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Fanfare Magazine: 37:3 (01-02/2014) 
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Reviewer: J. F. Weber

The Italian madrigals published in 1611 were the culmination of Heinrich Schütz’s two years of study with Giovanni Gabrieli in Venice. Other works influenced by his absorption of Venetian music were published later in life, but the op. 1 was the most evident result. Eighteen madrigals are for five voices, the concluding “dialogue” Vasto mar for eight.

The “seven voices” of this ensemble’s name actually include nine singers along with three continuo players. Since the madrigals are set for five voices, except the last, which is for eight voices, these numbers are curious. In any case, this version contrasts with that of Hans-Christoph Rademann (Fanfare 35:1) and other recent issues that use multiple voices. In using continuo, it matches Matteo Messori’s harpsichord (30:5), both of these using one voice to a part. There are only two complete sets of these madrigals using one voice to a part without instruments: the Capella Lipsienis on Berlin Classics (Fanfare LP version in 6:2) and the Consort of Musicke on Deutsche Harmonia Mundi (Fanfare LP version in 10:1, CD version in 10:5), the latter a superb traversal long unavailable domestically but still in print abroad.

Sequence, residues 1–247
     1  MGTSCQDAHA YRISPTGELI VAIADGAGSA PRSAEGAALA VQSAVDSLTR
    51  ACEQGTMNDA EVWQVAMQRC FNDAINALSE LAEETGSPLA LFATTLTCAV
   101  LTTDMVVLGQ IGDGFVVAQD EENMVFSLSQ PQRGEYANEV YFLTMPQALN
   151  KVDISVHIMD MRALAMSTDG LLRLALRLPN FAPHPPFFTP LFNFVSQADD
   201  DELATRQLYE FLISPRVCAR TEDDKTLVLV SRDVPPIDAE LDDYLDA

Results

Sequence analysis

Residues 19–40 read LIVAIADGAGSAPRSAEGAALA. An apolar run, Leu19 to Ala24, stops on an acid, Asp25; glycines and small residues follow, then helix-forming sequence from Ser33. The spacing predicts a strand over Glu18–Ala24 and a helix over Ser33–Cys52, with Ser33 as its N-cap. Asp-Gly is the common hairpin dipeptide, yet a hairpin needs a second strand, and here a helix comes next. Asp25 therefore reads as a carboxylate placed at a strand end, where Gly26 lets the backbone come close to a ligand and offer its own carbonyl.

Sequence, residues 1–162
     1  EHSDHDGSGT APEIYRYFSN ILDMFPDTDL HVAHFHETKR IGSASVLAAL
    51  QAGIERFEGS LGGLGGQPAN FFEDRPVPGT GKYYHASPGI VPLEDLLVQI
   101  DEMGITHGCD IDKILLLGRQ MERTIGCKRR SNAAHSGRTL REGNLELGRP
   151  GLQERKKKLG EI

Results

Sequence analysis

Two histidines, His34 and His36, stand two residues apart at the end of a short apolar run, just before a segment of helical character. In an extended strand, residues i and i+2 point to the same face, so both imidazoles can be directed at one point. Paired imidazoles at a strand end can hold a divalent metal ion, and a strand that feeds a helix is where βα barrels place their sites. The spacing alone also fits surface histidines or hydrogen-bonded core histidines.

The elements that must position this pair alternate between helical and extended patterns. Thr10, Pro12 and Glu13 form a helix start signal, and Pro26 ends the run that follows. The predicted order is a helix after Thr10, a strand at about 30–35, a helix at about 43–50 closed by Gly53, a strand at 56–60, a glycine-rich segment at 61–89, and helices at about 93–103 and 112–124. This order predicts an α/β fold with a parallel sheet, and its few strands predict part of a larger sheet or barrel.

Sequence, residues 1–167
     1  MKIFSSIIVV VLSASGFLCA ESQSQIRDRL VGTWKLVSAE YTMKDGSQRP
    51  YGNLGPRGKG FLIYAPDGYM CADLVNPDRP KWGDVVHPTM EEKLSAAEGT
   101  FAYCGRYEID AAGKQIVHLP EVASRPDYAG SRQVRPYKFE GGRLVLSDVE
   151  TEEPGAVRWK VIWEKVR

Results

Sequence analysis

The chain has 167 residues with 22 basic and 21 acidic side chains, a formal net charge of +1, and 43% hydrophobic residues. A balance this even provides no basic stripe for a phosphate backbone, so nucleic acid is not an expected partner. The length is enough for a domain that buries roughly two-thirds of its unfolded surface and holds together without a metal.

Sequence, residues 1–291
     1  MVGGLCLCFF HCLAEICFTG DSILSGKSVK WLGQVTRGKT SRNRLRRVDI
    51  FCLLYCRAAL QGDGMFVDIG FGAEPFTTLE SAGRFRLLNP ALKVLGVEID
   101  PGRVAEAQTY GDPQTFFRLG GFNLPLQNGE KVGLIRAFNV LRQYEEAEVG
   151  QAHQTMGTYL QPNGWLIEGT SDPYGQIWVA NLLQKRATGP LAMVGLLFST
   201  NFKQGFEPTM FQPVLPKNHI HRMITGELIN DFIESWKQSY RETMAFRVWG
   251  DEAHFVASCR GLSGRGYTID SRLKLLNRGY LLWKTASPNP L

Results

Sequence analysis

Today’s competition for this offering is the recent Rademann disc in the planned complete works, even with 18 voices, for his ongoing collection makes it an automatic choice for some. Messori’s version is worthy if you can find it or have it already as part of a set announced optimistically as a complete edition of the composer. All three of these are similar in tempo. Each of these three has something different, but none competes directly with the Consort of Musicke. For the discreet continuo, hardly audible much of the time, and the light, airy voices, this may be the best choice.

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